Calvin Kemph 🤠’s review published on Letterboxd:
The longest running minority hockey club in America, the Fort Dupont Cannons are an incredible organization run by an incredible man. In Washington D.C., Neal Henderson has been coaching his hockey team for some 40 years now. The credos for his team is never to turn away any child. Mr. Henderson believes in providing everyone an opportunity to play the great game of hockey, one of the most prohibitively expensive sports that too often is absent entirely from minority communities.
The great game of hockey can only be truly great when everyone gets to play it. That is the goal of the Fort Dupont Cannons. Generations of inner-city players have been granted free gear and free ice time to develop in a sport that so rarely offers those opportunities. The documentary, directed, produced, shot, and edited by Steve Hoffner (and co-directed by A.J. Messier), explores a year in the lives of a community formed around hockey.
The Cannons is a human interest piece first and a hockey documentary second. As such, it is a sociopolitical document, examining two high school hockey players and the Black American Experience, through the lens of inner-city Washington D.C. sports programs. Crucially, the Cannons provide these athletes a tangible connection, a way to give back to each other, and to help uplift the community at large.
There are a lot of hero movies at the cinema. There are few people I admire and are as worthy of the status as Mr. Henderson. His chief goal is to find the best in the youth and to develop — not only good hockey players — but to build people up to be better people. In his world of hockey, everyone gives back, and communal spirit is more important than the numbers on the scoreboard.
There is plenty of value for the hockey fan, too. Of course, the history of minority hockey in America outlasts almost the entirety of the league. Early on when the sport was being developed, there were significant Black hockey leagues, and a great multi-cultural interest in the sport. When trailblazers like Coach Henderson make it their lives work to bring joy and opportunity to a community, they are doing so in a long and proud and too seldom covered tradition. Hockey is for everyone. It hasn’t always been. But that’s how it started. That’s how it has to continue.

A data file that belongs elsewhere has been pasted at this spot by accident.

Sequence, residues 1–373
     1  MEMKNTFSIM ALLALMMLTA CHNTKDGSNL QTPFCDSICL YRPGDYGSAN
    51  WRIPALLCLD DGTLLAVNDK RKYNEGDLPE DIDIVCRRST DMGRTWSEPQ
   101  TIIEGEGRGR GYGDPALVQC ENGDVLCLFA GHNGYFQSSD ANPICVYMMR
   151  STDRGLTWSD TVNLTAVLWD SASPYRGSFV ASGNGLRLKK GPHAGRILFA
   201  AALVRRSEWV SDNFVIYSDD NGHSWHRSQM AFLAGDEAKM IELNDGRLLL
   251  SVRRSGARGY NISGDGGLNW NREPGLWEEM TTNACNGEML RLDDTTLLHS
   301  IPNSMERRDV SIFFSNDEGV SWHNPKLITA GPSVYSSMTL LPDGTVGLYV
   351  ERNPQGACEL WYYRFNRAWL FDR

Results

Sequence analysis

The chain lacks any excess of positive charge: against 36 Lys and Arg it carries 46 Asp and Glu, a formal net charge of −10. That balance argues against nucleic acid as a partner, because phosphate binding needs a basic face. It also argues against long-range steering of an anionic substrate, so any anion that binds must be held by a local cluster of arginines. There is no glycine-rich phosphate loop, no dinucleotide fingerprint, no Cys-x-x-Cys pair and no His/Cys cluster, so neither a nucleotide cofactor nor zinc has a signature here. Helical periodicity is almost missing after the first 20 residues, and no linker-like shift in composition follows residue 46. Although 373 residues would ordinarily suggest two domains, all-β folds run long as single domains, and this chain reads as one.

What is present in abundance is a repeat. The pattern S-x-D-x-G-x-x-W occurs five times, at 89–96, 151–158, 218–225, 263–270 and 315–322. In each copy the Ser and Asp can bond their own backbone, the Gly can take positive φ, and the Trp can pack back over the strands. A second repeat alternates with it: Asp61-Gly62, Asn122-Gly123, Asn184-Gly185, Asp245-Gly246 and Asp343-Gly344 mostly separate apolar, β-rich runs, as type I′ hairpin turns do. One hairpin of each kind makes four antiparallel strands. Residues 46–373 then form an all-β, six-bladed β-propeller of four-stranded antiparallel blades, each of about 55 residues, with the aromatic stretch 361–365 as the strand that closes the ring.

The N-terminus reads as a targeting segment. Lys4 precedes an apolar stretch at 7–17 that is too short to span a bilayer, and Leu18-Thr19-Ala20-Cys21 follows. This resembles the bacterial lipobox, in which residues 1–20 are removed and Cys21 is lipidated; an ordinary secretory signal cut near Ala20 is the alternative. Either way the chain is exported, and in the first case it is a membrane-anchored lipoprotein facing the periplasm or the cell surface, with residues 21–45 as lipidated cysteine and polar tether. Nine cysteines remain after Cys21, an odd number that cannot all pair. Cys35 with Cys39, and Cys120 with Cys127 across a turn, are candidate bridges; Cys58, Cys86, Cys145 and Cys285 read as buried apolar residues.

There is some good game and practice footage. The best stuff happens off the ice, or in the stands. We see families who live and breathe hockey. We see Coach Henderson in the stands with his camcorder proudly making game tapes. We realize how few opportunities there are after this. This may be the one chance all of the team’s players get to really play hockey. None have gone onto the NHL. But 95% have graduated high school, in an area where that is a majorly significant number. The team is not producing top-shelf hockey players. It’s producing top-shelf people. Is there any better result?
The players breeze down the ice in their black, gold, and white (representing Black soldiers, their yellow buttons, and the White soldiers who fought alongside them). They do not quite belong to a league. The coach has to organize all the games outside of a traditional program. The kids are all up against a lot. There are several through-lines running here: families in grave financial conditions; health problems around the coach’s family and some of the kid’s families, and how they support one another; Coach Henderson’s induction into the US Hockey Hall of Fame. All of it amounts to something bigger to hockey. It’s a story about community and people and how one man has done so much to help create so many other good men. The Cannons simply asks, what are we all doing to help each other?